Proposal (742) to South American Classification Committee

 

Elevate Celeus flavescens ochraceus to species status

 

Effect on SACC list: elevate subspecies Celeus [flavescens] ochraceus to species

 

Background: The variable forms (e.g., color photo, Fig. 6; Benz and Robbins 2011) of eastern Brazilian ochraceus traditionally have been treated as a subspecies of the southeastern Brazilian C. flavescens (Short 1972, 1982).

 

New Information: Benz and Robbins (2011) presented a well-supported molecular data set for the entire genus Celeus. Germane to this proposal, the mtDNA and combined data analyses indicate ochraceus is ancestral in a clade that included flavescens, elegans and lugubris (figs. 1, 4).  Ochraceus exhibited the highest mitochondrial genetic divergences within that clade and was genetically distinct from nominate flavescens at the HMGN2 nuclear locus. In addition to these genetic differences between ochraceus and flavescens, ochraceus differs dramatically in plumage and size from flavescens (Short 1972, 1982; Benz and Robbins 2011, fig. 6). Nonetheless, some populations of ochraceus closely resemble in plumage C. flavescens intercedens, where the two taxa come into contact in southern Tocantins, northern Goiás, and western Bahia (V. Piacentini, pers. comm.). Short (1972) stated that intercedens is variable in plumage and intermediate in size between smaller ochraceus and larger nominate flavescens.  Intercedens was not represented in the Benz and Robbins (2011) data set and thus its taxonomic status remains undetermined. It may prove that there is gene flow between ochraceus and C. flavescens intercedens not unlike between recognized species-level C. elegans and C. lugubris (Short 1972, 1982).

 

Recommendation: We recommend a YES vote for recognizing ochraceus as a species as this is the most genetically distinct in the flavescens, elegans and lugubris clade, and in plumage morphology it is as distinct as other recognized species within the clade.

 

Literature Cited:

 

Benz, B.W. and M.B. Robbins. 2011. Molecular phylogenetics, vocalizations and species limits in Celeus woodpeckers (Aves: Picidae). Molecular Phylogenetics and Evolution 56:29-44.

 

Short, L.L. 1972. Relationships among the four species of the superspecies Celeus elegans (Aves: Picidae).  American Museum Novitates 2487.

 

Short, L.L. 1982. Woodpeckers of the World. Delaware Museum of Natural History. Greenville, Delaware.

 

Mark Robbins and Brett Benz, February 2017

 

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Comments from Stotz: “A tentative YES.  Ideally we’d know more about intercedens, but given the genetic relationships among these Celeus and the morphology of these birds, I think the treatment of splitting ochraceus makes the most sense.”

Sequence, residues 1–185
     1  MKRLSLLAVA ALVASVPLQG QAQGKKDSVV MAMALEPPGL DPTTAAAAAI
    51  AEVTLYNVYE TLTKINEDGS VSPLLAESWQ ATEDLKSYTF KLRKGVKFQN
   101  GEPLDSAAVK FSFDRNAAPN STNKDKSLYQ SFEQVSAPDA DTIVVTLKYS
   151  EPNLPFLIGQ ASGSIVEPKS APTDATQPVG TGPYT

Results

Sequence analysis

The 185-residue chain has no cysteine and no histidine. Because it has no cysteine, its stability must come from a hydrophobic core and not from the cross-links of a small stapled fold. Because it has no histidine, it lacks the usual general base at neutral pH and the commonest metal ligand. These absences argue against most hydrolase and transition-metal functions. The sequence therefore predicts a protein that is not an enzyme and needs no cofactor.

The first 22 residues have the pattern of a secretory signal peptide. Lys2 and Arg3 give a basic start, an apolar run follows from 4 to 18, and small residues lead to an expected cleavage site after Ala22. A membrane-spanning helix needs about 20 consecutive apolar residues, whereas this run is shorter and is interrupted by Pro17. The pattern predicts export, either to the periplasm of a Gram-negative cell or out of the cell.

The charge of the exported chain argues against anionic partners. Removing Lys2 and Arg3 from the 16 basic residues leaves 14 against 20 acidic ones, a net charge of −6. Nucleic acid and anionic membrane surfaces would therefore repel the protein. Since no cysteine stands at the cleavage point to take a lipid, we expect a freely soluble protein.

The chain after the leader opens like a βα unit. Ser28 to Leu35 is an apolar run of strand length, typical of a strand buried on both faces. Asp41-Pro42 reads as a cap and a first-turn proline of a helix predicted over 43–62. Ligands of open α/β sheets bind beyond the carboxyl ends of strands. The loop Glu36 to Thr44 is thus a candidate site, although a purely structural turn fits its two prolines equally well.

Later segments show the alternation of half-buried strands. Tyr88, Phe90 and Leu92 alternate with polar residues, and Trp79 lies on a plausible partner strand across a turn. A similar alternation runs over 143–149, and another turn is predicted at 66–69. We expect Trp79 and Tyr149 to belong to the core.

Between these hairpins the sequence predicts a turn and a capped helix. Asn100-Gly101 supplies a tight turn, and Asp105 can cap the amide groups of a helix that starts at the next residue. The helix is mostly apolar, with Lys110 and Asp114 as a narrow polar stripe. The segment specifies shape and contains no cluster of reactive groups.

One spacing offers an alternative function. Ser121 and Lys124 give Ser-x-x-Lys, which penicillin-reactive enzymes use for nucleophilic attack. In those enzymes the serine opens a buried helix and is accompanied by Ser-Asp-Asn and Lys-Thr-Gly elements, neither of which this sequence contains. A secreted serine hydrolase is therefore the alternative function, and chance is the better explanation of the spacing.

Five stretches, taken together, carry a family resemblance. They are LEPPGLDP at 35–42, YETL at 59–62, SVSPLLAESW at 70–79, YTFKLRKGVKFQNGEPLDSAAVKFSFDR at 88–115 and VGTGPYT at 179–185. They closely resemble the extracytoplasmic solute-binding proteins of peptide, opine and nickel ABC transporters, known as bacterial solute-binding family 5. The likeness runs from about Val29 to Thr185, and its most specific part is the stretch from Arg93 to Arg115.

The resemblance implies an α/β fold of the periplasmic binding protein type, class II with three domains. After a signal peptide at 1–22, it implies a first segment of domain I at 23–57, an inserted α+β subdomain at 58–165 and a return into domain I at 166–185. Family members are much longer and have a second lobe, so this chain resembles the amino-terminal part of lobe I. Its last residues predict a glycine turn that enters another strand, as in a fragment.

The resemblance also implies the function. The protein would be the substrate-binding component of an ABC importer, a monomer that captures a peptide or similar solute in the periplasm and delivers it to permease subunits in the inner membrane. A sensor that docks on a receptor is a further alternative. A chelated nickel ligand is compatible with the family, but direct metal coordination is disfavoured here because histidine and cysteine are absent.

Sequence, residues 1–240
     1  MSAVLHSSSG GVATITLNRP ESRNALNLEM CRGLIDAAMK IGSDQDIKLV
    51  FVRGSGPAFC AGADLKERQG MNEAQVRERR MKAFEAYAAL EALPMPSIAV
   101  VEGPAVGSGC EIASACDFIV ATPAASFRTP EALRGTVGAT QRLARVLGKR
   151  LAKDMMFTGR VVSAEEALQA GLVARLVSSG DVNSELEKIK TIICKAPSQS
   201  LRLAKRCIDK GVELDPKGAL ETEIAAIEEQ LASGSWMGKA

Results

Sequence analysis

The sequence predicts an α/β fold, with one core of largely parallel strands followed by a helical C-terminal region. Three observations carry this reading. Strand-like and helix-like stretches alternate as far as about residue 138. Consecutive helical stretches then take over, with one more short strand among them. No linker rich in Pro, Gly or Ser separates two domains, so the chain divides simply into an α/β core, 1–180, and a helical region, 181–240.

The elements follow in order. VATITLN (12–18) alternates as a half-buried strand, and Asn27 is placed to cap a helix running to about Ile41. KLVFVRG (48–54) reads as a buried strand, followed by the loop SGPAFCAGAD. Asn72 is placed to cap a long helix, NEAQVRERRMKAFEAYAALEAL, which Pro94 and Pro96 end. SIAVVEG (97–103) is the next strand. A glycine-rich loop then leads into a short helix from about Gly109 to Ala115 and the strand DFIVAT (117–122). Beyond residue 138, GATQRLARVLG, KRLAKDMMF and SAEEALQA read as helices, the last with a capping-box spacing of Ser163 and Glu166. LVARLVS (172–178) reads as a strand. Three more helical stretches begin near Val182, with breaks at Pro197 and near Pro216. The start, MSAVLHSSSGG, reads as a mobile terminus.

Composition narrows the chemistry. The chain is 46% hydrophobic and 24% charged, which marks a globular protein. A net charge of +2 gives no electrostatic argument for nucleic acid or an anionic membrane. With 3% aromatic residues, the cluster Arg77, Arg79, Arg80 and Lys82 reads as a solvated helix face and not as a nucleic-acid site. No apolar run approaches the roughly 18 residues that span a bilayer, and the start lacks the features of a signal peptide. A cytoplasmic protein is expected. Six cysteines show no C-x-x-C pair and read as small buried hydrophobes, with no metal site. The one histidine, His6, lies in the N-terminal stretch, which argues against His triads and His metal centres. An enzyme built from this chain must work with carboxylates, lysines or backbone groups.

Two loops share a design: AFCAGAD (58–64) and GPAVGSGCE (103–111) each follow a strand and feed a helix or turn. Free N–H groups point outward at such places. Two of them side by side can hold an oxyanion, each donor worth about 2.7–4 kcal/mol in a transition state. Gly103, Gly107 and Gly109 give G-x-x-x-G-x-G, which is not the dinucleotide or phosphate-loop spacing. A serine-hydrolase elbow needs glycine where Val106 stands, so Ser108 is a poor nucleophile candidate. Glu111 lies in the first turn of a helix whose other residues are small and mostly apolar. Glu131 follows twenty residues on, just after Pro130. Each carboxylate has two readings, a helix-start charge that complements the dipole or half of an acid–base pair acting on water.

Comments from Stiles: “YES, based primarily on genetics and plumage. The intercedens situation is intriguing - could this form be an ochraceus population mimicking flavescens? Such mimicry has been found in another species of this genus.”

 

Comments from Cadena: “YES. I should clarify that what the phylogenetic analysis shows is that ochraceus is the sister group to a clade including flavescens, elegans, and lugubris; it is by no means ancestral to these taxa as the proposal states. Nonetheless, the phylogenetic results provide strong support for the proposed change. Although I do not think that species need to be monophyletic (i.e. under the BSC), it would be hard to argue for conspecificity of ochraceus and flavescens to the exclusion of elegans and lugubris given the phylogeny and phenotypic variation.”

 

Comments from Zimmer: “YES, for reasons particularly well stated by Daniel.  The situation with intercedens is puzzling, but, as Gary and Alvaro noted, woodpeckers don’t follow all the same ‘rules’, and there could always be factors such as ISDM involved.  Certainly, ochraceus and flavescens are as or more different from one another in plumage than either is compared to elegans and lugubris.”

 

Comments from Jaramillo: “YES.  An intriguing possibility suggested by Gary regarding possible mimicry explaining intercedens. We shall have to see. Overall, I find woodpeckers troubling. Plumage often converges, partly due to mimicry based on recent findings, and partially on habitat/ecology. But also there is a general tendency in some groups for hybridization, whereas other groups have geographic variation that is striking and noteworthy. I am making no other point here than to say that woodpeckers seem to “function” in a way different from various other groups we contend with, and more molecular work is definitely necessary with dense taxon sampling, as well as a better understanding on what barriers to gene flow members of this group respond to. Oddly enough plumage coloration is not always one of them!”

 

Comments from Areta: "YES. The impressive differences in size and plumage between ochraceus and flavescens support, in principle, the recognition of C. ochraceus. However, the situation with C. flavescens intercedens and the local forms of ochraceus with which it would overlap in Tocantins, Bahia and Goiás clearly merits more study, as does a study on vocalizations, geographic variation in plumage and genetics of ochraceus."

 

Comments from Pacheco: "YES. In fact, the status of C. f. intercedens is intriguing. It needs to be better understood. However, I emphasize that there are good grounds for treating C. f. ochraceus as a separate species."

 

Comments from Claramunt: "YES. Plumage and phylogeny indicate that ochraceus is a different species."